The Gartner 2022 Hype Cycle for Life Science Clinical Development — which explores areas of innovation that will enable life sciences organizations to respond to industry challenges — recently highlighted this trend. In this report, risk-based and central monitoring approaches were classified as “on the Slope of Enlightenment.” This classification indicates that over the next two to five years, the implementation and expansion of RBQM practices by sponsors will gain increasing momentum as digital transformation continues, driving the need for more advanced RBQM technology and strategies to support innovation and the adoption of these approaches.
Drivers for RBQM Adoption Across Clinical Trials
While RBM adoption within the drug development industry has been on the rise for years, regulatory and external factors are driving life sciences organizations to take it a step further and evolve from RBM to RBQM in order to meet the demands of more adaptive and digital clinical trials.
Risk-based monitoring started to gain traction in 2013 when the U.S. Food and Drug Administration (FDA) and the European Medicines Agency (EMA) released guidance for adopting risk-based approaches for more efficient trial monitoring. In 2016, The International Council for Harmonisation of Technical Requirements for Pharmaceuticals for Human Use (ICH) released ICH E6 (R2), requiring sponsors to develop risk-based methods to assess and manage trial risk. Following that, the FDA placed ICH E6 (R2) as a revision to Good Clinical Practice (GCP) in the federal registry. The third revision to ICH E6 is expected in 2022 and will focus on risk-based approaches and the concept of quality by design while acknowledging the diversity of trial design, data sources, and different contexts in which clinical trials can be conducted. Additionally, RBM guidance and approach documents released by pre-competitive alliances such as TransCelerate BioPharma have helped to further drive the adoption of risk-based approaches.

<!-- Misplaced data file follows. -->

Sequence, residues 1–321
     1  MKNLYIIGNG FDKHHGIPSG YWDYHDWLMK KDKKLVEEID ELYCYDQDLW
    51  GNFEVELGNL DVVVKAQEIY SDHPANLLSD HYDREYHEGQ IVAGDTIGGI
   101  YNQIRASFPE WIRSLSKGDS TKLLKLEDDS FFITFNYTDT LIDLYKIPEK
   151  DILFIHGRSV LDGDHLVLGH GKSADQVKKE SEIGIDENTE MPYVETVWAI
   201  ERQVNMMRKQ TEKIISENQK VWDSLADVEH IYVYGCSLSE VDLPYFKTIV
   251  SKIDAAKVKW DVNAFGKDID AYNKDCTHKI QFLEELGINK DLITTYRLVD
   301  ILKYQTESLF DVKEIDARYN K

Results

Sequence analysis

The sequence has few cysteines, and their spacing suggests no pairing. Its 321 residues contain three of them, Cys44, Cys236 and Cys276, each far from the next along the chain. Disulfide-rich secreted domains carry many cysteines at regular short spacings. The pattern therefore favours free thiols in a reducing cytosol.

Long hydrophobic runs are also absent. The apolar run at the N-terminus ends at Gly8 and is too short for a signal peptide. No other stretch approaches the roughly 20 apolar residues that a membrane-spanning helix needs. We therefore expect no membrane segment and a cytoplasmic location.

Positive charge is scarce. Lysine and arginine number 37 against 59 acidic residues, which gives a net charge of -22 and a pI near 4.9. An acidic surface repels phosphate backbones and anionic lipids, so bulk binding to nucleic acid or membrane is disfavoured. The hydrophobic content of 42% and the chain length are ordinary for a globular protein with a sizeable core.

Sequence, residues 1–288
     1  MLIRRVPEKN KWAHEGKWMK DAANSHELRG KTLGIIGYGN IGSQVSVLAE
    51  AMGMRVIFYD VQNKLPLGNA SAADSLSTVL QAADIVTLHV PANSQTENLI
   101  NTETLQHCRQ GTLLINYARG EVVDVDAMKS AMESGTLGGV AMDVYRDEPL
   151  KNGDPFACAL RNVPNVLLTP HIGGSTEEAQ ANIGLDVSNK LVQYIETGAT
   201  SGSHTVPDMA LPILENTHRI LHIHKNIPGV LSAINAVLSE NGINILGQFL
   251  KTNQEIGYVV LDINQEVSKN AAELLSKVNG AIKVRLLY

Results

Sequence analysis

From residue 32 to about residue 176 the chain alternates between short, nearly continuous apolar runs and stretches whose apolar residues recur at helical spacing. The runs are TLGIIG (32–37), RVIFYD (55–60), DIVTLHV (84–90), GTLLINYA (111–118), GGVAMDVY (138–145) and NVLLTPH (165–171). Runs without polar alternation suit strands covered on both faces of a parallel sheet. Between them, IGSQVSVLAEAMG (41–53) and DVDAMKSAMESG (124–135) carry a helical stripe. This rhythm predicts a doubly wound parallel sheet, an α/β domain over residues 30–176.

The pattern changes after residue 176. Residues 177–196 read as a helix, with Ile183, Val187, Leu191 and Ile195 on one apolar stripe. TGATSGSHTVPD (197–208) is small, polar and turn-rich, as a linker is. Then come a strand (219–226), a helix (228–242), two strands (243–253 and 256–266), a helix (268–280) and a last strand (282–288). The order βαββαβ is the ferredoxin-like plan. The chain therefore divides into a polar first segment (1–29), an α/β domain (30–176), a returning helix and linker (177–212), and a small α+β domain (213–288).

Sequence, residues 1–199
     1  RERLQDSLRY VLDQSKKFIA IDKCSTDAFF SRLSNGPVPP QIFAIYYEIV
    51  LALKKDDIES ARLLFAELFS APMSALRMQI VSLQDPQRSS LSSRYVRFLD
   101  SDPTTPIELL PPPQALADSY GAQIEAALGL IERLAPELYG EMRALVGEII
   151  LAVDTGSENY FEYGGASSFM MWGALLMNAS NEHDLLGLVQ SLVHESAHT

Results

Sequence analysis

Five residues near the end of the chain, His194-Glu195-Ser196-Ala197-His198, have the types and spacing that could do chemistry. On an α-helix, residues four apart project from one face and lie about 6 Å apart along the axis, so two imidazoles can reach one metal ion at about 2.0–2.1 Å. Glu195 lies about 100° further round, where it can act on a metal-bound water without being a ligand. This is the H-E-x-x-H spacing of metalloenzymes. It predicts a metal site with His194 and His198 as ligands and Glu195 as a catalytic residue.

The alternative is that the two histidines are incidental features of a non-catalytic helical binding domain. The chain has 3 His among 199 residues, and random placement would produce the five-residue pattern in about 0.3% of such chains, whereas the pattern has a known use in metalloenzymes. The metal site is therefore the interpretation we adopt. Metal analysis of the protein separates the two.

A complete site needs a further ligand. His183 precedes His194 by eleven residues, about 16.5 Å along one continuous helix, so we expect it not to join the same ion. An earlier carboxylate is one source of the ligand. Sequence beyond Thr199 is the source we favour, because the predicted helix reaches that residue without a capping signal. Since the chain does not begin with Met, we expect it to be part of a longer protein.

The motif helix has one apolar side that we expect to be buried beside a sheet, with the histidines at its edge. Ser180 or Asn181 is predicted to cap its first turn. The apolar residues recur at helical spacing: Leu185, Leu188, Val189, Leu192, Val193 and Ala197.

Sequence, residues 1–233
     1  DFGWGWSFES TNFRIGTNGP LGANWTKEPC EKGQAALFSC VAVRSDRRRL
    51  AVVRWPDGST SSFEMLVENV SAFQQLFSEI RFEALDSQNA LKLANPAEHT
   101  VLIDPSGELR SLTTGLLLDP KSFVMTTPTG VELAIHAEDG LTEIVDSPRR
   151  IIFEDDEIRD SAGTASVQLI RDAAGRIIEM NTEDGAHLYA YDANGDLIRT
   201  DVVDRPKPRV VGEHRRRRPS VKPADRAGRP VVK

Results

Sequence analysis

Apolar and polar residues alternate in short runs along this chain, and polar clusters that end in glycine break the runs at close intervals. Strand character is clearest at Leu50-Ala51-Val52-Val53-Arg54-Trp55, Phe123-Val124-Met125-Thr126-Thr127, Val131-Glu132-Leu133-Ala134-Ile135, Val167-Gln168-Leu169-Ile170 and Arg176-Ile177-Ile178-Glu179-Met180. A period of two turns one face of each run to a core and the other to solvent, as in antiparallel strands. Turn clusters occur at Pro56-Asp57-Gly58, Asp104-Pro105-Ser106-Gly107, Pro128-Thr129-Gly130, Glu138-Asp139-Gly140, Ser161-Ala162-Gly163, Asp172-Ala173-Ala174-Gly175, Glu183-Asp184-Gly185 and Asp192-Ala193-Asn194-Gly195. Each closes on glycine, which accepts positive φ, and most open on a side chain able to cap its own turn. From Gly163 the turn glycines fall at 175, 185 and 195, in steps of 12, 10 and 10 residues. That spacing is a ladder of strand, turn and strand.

The Covid-19 pandemic has been an undeniable force in bringing sweeping changes to the way clinical research is conducted. Most significantly, the pandemic has been a catalyst for moving away from inefficient practices and pushing new clinical trial execution models to become standard practice. With remote and virtual monitoring approaches becoming mainstream, many organizations were forced to prioritize risk-based approaches, further accelerating the initiatives set in motion by ICH E6 (R2). The pandemic has proved that the drug development industry can no longer rely on inefficient trial execution models and must instead pivot to approaches that prioritize proactive risk assessment and mitigation.
Furthermore, these drivers for adoption are impacting both insourced and outsourced trial models. Emerging and mid-size sponsors working in outsourced models are adopting RBQM at an increasing rate. Using RBQM technology and methodology in an outsourced model enables sponsors to take a data-driven approach to overall risk assessment and analysis, creating additional value to supplement a CRO’s oversight strategy. Read this white paper to explore how you can implement a holistic RBQM strategy to ensure quality throughout the clinical trial lifecycle.